By Sharanya Gopinathan
The truly baffling case of Hadiya Jahan will perhaps reach its most important pinnacle today. Hadiya will finally appear before the Supreme Court to present her side of the story in the case of her arbitrarily annulled marriage.
Hadiya (nee Akhila) is a 24-year-old homeopathy student who converted to Islam and married a man named Shafin Jahan against the wishes of her parents in December 2016. In May 2017, the Kerala High Court shockingly annulled the marriage in a move that seemed to have no legal foundation. The court returned the adult Hadiya to the “custody” of her parents. Responding to the annulment, Shafin filed an appeal to the SC in August, and the court called for an NIA probe into allegations of “love jihad” in this case. In the months since, we’ve seen videos of Hadiya pleading for help, saying that she’s at risk in her parents’ house in Kottayam, as well as videos of her father Ashokan allegedly physically abusing her. Ashokan has denied the police, human rights groups and even (briefly) the State Women’s Commission access to Hadiya. However, activists in Kerala report that representatives of Hindu “reconversion centres” have been allowed to meet with her, at times for even three hours at a stretch.
Now that Hadiya will finally have her day in Court, here’s a quick rundown of what you really need to know.
People Hadiya’s father has objected to her living with so far
1. Faseena-Jaseena: While pursuing her Bachelor of Homeopathic Medicine and Surgery degree in Salem, Hadiya was living with two sisters named Faseena and Jaseena. On 6 January 2016, Hadiya’s parents filed a habeas corpus petition in the Kerala HC and accused Aboobacker (F and J’s father) of taking Hadiya (then Akhila) away.
2. Sathya Sarini/Sainaba: Hadiya responded to Ashokan’s habeas corpus petition in court on 19 January and said that she had converted to Islam and adopted a new name. After this response, Hadiya contacted Sathya Sarini, a religious organisation, for help. They sent her Sainaba, a social worker and member of the Popular Front of India. Hadiya began living with Sainaba and Ashokan immediately alleged that Sathya Sarini was involved with illegal conversions, and that his daughter shouldn’t live with their representatives.
3. Shafin Jahan: In the midst of all these habeas corpus petitions, both the Kerala HC and Ashokan took grave objection to Hadiya marrying Shafin Jahan. The Kerala HC seemed to believe Ashokan’s allegation that Hadiya was a victim of “love jihad” and was being married to a Muslim man so she could be smuggled out of the country. They annulled the marriage based on Ashokan’s plea on 24 May, saying that Hadiya must return to the custody of her parents.
What the courts have said
1. Kerala High Court: Newspapers report that Kerala HC judges were “livid” when Hadiya decided to marry Shafin Jahan on 19 December 2016, the same day that the court instructed her to live in a hostel and continue her education. When they decided to annul the marriage in May, they cited that it was unclear whether the marriage was a device to spirit her out of the country, and pointed out that the court was not aware of the identity of her husband. Of course, while there’s no proof to show that this is what happened in Hadiya’s case, a marriage to a person who wants to spirit you out of the country is still valid. So is a marriage in which the Kerala High Court is not immediately aware of the identity of the husband. The court cited that she was at a vulnerable age and, thus, a prime target of brainwashing (24), and that “as per the Indian tradition, the custody of an unmarried daughter is with her parents, until she is properly married off.” We’d highlight all the things wrong with that sentence, but then it would all be yellow.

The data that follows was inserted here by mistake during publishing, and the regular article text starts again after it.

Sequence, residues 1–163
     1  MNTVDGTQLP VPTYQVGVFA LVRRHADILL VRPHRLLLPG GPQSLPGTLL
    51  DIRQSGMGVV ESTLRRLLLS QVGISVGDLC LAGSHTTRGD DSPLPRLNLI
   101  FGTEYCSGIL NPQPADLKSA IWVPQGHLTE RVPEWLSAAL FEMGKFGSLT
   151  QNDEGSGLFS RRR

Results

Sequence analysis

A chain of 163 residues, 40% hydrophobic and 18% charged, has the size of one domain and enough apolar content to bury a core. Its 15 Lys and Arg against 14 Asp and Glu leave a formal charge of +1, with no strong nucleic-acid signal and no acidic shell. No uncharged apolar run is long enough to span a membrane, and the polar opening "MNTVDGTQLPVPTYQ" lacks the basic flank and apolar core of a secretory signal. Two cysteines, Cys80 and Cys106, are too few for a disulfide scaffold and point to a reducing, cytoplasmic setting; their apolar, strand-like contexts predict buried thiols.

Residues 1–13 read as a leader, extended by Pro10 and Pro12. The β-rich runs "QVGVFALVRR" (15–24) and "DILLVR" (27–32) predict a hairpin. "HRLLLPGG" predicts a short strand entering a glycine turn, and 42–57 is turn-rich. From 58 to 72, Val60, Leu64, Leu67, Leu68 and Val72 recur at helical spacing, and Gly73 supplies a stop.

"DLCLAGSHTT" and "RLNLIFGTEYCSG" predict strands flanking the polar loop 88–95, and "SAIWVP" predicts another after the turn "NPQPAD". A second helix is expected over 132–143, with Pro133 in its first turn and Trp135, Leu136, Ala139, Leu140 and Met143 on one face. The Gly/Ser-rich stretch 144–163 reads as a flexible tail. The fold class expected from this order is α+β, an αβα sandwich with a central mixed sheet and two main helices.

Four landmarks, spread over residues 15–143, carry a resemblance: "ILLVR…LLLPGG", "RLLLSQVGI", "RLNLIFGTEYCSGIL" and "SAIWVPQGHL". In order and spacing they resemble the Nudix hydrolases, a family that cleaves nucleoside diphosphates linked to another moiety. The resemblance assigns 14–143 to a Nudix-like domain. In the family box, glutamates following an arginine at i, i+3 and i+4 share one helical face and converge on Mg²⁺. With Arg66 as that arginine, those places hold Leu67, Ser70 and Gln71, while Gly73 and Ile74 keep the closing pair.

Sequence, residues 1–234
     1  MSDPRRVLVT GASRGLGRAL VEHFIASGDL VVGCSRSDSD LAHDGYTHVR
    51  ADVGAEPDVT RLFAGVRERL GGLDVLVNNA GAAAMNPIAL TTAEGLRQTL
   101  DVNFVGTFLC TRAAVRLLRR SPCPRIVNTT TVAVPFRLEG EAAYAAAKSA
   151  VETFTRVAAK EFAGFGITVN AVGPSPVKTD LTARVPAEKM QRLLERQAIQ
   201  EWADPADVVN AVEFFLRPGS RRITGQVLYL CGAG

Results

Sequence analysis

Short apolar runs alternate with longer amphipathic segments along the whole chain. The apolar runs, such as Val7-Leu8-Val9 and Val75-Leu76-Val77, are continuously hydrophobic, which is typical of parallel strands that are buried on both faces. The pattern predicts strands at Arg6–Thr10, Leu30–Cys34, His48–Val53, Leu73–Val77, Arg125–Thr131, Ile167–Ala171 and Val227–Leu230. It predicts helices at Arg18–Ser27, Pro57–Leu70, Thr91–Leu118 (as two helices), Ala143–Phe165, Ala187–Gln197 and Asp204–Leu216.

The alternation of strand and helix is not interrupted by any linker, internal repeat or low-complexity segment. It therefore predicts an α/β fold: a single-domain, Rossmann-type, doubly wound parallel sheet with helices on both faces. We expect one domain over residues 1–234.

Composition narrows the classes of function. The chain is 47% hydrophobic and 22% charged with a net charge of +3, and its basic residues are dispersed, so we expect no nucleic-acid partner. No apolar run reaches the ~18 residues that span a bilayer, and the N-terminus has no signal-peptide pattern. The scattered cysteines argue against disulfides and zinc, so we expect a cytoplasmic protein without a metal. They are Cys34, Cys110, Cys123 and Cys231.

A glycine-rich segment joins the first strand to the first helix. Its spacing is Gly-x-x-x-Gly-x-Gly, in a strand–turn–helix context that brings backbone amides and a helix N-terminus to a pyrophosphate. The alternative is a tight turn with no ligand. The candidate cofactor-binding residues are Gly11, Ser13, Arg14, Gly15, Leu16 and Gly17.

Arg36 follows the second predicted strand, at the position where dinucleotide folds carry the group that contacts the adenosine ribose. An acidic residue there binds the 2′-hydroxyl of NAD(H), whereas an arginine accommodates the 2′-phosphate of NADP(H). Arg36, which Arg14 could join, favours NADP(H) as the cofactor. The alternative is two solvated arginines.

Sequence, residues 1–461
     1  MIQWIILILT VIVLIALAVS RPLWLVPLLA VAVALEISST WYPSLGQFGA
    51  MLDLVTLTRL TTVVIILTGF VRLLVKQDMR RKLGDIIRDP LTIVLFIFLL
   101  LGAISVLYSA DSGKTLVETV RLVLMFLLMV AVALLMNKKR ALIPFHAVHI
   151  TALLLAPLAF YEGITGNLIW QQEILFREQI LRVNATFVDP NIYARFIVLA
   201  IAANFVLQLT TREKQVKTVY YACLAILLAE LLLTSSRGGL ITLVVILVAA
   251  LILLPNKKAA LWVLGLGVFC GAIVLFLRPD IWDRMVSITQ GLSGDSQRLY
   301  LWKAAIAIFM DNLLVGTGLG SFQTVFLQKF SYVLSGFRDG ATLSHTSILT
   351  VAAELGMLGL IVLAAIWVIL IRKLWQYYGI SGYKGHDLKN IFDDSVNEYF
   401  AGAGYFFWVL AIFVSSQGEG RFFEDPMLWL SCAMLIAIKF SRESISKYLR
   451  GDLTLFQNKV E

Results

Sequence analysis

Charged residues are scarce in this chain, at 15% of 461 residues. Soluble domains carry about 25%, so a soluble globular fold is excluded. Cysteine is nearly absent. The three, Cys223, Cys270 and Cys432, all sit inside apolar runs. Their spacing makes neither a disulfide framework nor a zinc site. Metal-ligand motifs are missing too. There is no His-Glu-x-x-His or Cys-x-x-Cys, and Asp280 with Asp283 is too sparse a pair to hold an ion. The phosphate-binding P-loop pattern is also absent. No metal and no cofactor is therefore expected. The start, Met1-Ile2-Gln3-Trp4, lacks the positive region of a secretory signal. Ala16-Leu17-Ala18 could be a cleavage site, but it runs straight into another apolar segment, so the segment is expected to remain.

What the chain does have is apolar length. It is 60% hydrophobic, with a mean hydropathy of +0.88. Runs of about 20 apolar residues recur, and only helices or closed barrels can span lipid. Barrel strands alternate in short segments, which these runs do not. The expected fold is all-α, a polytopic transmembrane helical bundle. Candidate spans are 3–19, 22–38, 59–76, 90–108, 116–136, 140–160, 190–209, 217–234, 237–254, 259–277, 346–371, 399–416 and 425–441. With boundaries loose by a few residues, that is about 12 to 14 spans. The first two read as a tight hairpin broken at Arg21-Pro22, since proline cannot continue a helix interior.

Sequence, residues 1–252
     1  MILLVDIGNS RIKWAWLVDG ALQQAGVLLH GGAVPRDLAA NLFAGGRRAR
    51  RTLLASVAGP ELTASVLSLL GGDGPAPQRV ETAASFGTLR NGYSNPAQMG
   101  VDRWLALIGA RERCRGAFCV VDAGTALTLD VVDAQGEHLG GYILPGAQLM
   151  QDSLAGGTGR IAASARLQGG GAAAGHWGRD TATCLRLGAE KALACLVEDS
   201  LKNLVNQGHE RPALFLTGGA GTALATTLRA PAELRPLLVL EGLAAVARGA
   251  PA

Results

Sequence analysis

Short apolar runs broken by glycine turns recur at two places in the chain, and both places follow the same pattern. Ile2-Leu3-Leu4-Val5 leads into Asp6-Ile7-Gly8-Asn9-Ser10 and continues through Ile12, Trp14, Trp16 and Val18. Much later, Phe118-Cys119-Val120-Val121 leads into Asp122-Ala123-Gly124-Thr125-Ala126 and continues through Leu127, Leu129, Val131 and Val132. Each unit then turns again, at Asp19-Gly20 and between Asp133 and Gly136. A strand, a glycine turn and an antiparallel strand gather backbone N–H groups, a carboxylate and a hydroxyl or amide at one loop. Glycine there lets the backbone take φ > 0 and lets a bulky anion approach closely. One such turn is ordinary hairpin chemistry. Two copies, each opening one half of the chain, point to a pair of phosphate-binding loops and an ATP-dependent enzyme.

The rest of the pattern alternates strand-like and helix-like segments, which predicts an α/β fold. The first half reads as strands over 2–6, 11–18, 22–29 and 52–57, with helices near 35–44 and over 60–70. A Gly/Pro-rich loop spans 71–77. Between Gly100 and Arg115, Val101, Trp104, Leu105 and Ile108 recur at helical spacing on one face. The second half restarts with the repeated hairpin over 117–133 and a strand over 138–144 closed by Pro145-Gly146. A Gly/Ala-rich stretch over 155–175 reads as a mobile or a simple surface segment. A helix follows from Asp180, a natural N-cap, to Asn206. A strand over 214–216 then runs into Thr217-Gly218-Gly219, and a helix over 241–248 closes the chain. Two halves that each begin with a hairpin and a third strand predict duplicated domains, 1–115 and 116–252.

2. Supreme Court: On 16 August, the SC ordered an NIA investigation into the allegations of forced conversion and “love jihad”, a move the Kerala government said was unnecessary. The investigation proved nothing as news reports of sheepish admissions from the NIA show every day. On 3 October, the SC questioned the Kerala HC’s order to annul her marriage, and also seemed to momentarily regret its own decision to continue to confine Hadiya to her parents’ custody. That momentary crisis of conscience did not translate to anything meaningful, as Hadiya continues to remain with her parents. In fact, as she was being transported yesterday from Kochi to New Delhi to appear before the SC, she desperately yelled to waiting reporters that she was not forcibly converted, wants to live with her husband and that she needs justice.
Ways Ashokan has tried to thwart Hadiya’s testimony today
1. On 23 November, Ashokan tried to badger the Supreme Court into saying that Hadiya’s testimony would be held in-camera or in private instead of open court, as “extremist elements” may attack her or her family. The SC said the decision on this matter would be taken on the day she appears in court – today.
2. Yesterday, her family decided to pull a creative fast one. It tried to get the court to either dismiss her testimony totally, or push the court to appoint loco parentis (“in the place of a parent”) in her case on the basis that she doesn’t have an independent sound mind and is the victim of a “mental kidnapping”. Yes, we are all just allowed to make up terms like “love jihad” and “mental kidnapping” now.
This case has been before the Supreme Court for over three months. Since 24 May, 24-year-old Hadiya has been held captive in her abusive parents’ house with legal mandates. Today, when Hadiya finally speaks in court, everyone who’s been making decisions about and for this adult woman will finally face her opinions about her own life. I bet she’s got quite a speech prepared.
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